Five Takeaways for Private Employers Following the Cuomo Sexual Harassment Investigation

Headshot - Peg O'Brien
Margaret "Peg" O'Brien
Director, Litigation Department and Chair, Employment Law Group
Published: NEHRA News
September 23, 2021

Title VII requires employers to prevent sexual harassment in the workplace.  When the statute was initially passed in 1964, there was no guidance from the EEOC on how employers were supposed to accomplish this goal.  There was no caselaw or national #metoo movement.  In contrast, today, there are well-established examples of what constitutes inappropriate physical contact, speech and other interactions in a workplace.  While not all poor behavior can be avoided, employers can no longer hide behind a claim that “I did not realize the extent to which the lines had been redrawn” as recently proclaimed by Governor Cuomo.  Employers must be knowledgeable about this law and proactively implement policies and protocols to prevent harassment from occurring in their workplace.

In the wake of the Cuomo investigation, below is an overview of five simple steps employers can immediately adopt to create a harassment free workplace and avoid costly litigation.

1.     Adopt (or Review and Update) Policies and Procedures Prohibiting Sexual Harassment

Employers must adopt clear policies against sexual harassment and regularly review and update them. In drafting a policy, it is important to:

  • Explain the definition of harassment, and provide multiple examples of unacceptable conduct. Physical conduct, unless it is work related, should be clearly identified as impermissible.  In particular, hugs and kisses on the cheek – conduct admitted to by Governor Cuomo during the NY Attorney General’s investigation — should be expressly called out as prohibited in the policy.  That way, all employees have notice;
  • Identify the specific titles, or names, of individuals to whom complaints of harassment can be made. It is best to have at least two individuals listed;
  • Encourage all employees to escalate concerns about inappropriate conduct (keep a cold from becoming pneumonia), and mandate all managers to report actual or suspected harassment to human resources, even when it is solely based on rumors;
  • Describe the investigation process, and the extent to which it will remain confidential, and caution employees that their cooperation with the process is an ongoing condition of employment;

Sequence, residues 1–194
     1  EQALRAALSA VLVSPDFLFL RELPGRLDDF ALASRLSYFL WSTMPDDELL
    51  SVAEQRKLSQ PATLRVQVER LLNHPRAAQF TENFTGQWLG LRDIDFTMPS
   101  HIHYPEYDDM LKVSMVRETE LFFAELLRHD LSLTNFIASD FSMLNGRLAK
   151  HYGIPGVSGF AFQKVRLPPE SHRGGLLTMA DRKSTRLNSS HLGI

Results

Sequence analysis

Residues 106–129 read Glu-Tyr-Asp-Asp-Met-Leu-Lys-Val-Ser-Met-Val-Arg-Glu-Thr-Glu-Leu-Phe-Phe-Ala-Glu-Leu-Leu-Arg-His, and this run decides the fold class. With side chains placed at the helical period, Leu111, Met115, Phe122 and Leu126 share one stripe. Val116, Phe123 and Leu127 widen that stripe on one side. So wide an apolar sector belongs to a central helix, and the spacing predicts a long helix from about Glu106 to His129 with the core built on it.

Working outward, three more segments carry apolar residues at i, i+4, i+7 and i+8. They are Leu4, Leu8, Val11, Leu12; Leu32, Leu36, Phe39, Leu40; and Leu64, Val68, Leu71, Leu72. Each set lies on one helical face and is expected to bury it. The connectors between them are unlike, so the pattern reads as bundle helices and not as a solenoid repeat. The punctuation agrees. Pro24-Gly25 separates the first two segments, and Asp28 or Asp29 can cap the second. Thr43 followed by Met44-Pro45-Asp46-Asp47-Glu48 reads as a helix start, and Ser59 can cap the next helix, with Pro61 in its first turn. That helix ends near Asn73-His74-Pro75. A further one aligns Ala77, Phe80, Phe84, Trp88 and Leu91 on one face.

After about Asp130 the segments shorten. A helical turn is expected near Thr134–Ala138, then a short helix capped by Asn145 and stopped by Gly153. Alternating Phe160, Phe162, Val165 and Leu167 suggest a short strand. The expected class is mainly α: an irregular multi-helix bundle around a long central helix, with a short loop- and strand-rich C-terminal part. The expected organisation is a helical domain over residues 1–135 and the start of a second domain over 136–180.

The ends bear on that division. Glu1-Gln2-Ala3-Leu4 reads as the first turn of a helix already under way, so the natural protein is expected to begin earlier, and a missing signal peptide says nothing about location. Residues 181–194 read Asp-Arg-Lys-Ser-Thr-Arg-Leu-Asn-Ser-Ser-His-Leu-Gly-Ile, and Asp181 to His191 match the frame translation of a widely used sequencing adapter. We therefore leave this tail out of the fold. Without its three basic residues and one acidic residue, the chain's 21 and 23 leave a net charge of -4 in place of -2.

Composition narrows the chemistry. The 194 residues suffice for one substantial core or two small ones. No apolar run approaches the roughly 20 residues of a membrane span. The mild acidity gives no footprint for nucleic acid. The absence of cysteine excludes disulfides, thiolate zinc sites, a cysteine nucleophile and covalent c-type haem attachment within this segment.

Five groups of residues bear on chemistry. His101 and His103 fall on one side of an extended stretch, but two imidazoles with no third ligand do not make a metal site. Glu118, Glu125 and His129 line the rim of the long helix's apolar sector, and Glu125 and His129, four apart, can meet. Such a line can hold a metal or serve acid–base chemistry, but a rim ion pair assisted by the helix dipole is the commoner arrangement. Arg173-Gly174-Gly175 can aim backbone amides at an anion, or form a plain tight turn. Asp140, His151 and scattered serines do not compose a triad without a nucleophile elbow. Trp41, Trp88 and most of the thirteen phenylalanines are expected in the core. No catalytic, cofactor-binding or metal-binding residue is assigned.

• Prohibit retaliation against anyone who complains of sexual harassment or assists in a harassment investigation or proceeding; and
  • Warn employees that violations of the policy will result in discipline up to and including termination of employment.

When an employee files a complaint of harassment with a federal or state human rights agency, the agency will then send a letter to the company requesting, among other things, a copy of the company’s policies on harassment.  Once the complaint is filed it will be too late to draft this policy.  Now is the time to review the company policy and update, as needed.

2.     Train Employees on the Policy

Adopting a policy is a good first step, but employers cannot simply hand the policy out at the time of hire and believe that their work is done.  In the Cuomo investigation, the employees were not aware of reporting protocols and the investigators found “poor enforcement of sexual harassment training.” Employees should be repeatedly reminded of their rights and obligations with respect to unlawful harassment.  Regular training on appropriate workplace behavior should take place, including a review of the basic rules against harassment, discrimination and retaliation. Training should be in a group setting and interactive providing specific examples of inappropriate conduct in violation of the policy and to whom reports can be made.  Supervisors should also be trained on their additional legal responsibilities to receive and report complaints.  A period of time should be set aside at the end of the training for employees to ask questions, and attendance should be taken of all employees who participated.  No one should be allowed to sit in and attend for another employee, as was found in the Cuomo investigation.  In addition, informal reminders of the policy and related reporting process should be discussed informally throughout the year at team meetings or staff-wide meetings.

3.     Establish a Prompt Investigation Process When Complaints Are Made